Performance evaluation of gamma ray imaging devices for tumor detection: Choosing the optimal design.
AuthorHartsough, Neal Eugene.
Committee ChairBarrett, Harrison H.
MetadataShow full item record
PublisherThe University of Arizona.
RightsCopyright © is held by the author. Digital access to this material is made possible by the University Libraries, University of Arizona. Further transmission, reproduction or presentation (such as public display or performance) of protected items is prohibited except with permission of the author.
AbstractThis dissertation is about performance analysis of gamma-sensitive intraoperative probes used for tumor detection in nuclear medicine. Small (<1 cm diameter) tumors, often undetected by external imaging and by the standard surgical inspection with sight and touch, can be found with probes. Simple calculations and measurements with radioactive tumor models show that small tumors should be detected by single-element probes, but often such probes fail to detect these small tumors in practice. This discrepancy is often caused by the use of a uniform background to predict probe performance. Real backgrounds are nonuniform and can decrease probe performance dramatically. Dual-element, coincidence, or imaging probes may solve the background problem, but they must be evaluated to determine their efficacy. We describe a method to predict probe performance in a realistic background which includes variations in normal organ uptakes. The procedure includes a calculated point-response function, a numerical torso phantom, and measured human biodistributions of a monoclonal antibody. The Hotelling Trace Value, a quantitative measure of tumor-detection performance, is computed from the probe responses in simulated studies. We calculated probe performance for various collimator configurations, backgrounds, and tumor sizes. We also measured the effect of comparing probe data from a tumor-detection site with data from a corresponding known normal site. We conclude that those probes with inherent background suppression, the dual probe and coincidence probe, have better tumor-detection performance than the single-element probe, even when data from normal sites are available. The imaging probe, although also designed with inherent background suppression, is inefficient and thus has poor performance at clinically feasible exposure times.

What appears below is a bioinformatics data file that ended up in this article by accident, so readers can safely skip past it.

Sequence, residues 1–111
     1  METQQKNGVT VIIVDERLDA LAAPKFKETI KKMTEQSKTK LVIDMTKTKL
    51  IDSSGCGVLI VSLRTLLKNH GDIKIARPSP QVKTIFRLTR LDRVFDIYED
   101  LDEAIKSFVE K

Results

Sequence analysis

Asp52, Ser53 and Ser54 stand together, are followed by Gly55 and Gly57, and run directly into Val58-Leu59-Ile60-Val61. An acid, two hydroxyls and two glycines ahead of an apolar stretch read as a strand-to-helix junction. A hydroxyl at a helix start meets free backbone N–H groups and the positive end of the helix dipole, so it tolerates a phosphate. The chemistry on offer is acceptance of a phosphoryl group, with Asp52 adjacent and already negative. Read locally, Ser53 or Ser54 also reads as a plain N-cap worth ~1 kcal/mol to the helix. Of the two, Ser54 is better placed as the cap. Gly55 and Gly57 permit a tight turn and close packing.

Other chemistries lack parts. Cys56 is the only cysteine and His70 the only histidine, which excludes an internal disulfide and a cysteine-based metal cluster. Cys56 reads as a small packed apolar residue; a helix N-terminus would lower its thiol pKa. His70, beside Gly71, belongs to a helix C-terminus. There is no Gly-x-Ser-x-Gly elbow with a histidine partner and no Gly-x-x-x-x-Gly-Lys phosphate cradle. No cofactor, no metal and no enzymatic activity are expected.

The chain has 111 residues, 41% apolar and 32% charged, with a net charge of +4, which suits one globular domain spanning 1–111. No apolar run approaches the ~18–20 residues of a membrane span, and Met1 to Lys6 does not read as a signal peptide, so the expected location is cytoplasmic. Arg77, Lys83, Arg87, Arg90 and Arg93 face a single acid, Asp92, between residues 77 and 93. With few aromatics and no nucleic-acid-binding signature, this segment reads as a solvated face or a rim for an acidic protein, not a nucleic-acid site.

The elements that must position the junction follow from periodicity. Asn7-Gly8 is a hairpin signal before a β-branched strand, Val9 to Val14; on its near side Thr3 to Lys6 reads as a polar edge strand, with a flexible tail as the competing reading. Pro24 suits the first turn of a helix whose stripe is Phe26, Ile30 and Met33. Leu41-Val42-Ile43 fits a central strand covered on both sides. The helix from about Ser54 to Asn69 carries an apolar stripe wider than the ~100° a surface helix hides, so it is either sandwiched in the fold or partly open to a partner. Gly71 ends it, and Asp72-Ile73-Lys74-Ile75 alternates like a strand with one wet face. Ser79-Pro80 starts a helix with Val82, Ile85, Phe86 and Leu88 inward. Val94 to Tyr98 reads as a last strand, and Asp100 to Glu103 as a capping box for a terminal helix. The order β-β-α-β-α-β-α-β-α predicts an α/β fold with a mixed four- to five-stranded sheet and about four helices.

Degree ProgramOptical Sciences